On Monday’s front page, The Washington Post promoted “liberal hero” Elizabeth Warren, the Democrat looking to retake the “Ted Kennedy seat” in the Senate. “Stakes high as liberal hero tries to unseat GOP senator,” read the headline. On Sunday, the Post’s Chris Cillizza said Warren had the “Worst Week in Washington” for her muddled answers to claiming she was of Native American heritage in professor jobs for a decade.
But it wasn’t the “worst week” in the Post – they ran no news story on the controversy until Monday, but in this Karen Tumulty story, it was completely buried until paragraph twenty:
Instead, the story opened at an AFL-CIO breakfast in Lawrence, Massachusetts, selling that odd-sounding concept, the Harvard professor/populist: “She was standing Friday morning on the site where, 100 years ago, immigrant textile workers launched a bloody two-month walkout that became famous as the Bread and Roses strike.”
“They attacked collective bargaining...they’ve attacked pensions. They’ve attacked wages. They’ve attacked health care. They have attacked unions. They have attacked working families,” she said of conservatives (or as Tumulty put it, “Wall Street and their political allies.”) All that was on the front page.
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If you ever wonder whether the newspapers carefully calculate where to break up their stories to go off the front page, the words "AFL-CIO breakfast" were the first words buried inside in the Tumulty piece.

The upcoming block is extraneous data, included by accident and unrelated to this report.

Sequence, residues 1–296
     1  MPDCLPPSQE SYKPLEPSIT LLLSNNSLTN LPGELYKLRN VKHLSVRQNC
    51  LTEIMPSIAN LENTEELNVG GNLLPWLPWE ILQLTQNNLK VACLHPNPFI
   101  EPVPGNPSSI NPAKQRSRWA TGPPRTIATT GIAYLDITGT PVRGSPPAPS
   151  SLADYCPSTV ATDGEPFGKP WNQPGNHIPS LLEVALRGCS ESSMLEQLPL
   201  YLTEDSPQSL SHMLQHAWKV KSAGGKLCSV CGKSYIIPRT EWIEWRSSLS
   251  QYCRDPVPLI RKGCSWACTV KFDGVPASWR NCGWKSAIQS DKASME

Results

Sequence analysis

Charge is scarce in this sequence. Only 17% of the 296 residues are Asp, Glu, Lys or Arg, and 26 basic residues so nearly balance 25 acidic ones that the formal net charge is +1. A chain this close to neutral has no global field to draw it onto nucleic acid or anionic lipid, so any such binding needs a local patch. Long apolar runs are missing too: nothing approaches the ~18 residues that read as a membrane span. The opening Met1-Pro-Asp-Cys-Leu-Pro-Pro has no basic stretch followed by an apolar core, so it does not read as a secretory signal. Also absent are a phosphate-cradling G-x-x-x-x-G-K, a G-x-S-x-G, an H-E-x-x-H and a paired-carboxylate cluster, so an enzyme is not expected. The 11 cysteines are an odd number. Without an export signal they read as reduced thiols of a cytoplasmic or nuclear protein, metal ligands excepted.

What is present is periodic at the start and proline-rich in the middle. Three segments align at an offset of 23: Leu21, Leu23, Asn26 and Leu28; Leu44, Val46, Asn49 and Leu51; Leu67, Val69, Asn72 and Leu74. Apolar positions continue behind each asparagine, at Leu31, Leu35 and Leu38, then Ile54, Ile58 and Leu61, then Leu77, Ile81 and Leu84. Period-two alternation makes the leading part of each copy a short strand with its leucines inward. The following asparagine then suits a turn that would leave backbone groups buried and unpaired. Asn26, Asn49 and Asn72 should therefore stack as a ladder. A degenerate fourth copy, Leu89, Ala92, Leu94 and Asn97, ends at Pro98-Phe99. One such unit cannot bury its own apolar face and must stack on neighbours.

Inside, the headline was “Liberal icon aims to oust Sen. Brown in Massachusetts.” (At least there's an actual ideological label next to "hero" and "icon.") Tumulty touted her as “the whip-smart daughter of a cast-strapped maintenance man and a mother who worked answering phones for Sears.”
She also suggested the Post spin could be on the losing side: “Whether that will sell against Republican efforts to define her as a Harvard elitist and an anti-business extremist, however, remains to be seen.”
In paragraph 20, the spin on the native-American scandal was in the subhead: “A stumble on ancestry.” Some Democrats were concerned, but Tumulty had sympathy for the “liberal icon” on this one:
By November, voters may well have dismissed it as a minor flap. But the fact that the story is still being talked about more than a week after it broke (it was on the front page of Saturday’s Boston Globe) reflects Warren’s clumsiness in handling it. She claimed, for instance, that she had listed herself as Native American in a legal directory for nearly a decade because she wanted to “meet others like me.”
It also overshadowed embarrassing developments for Brown, including his acknowledgment that even though he opposed the new health-care law, he takes advantage of a provision in it to put his adult daughter on the family’s insurance policy.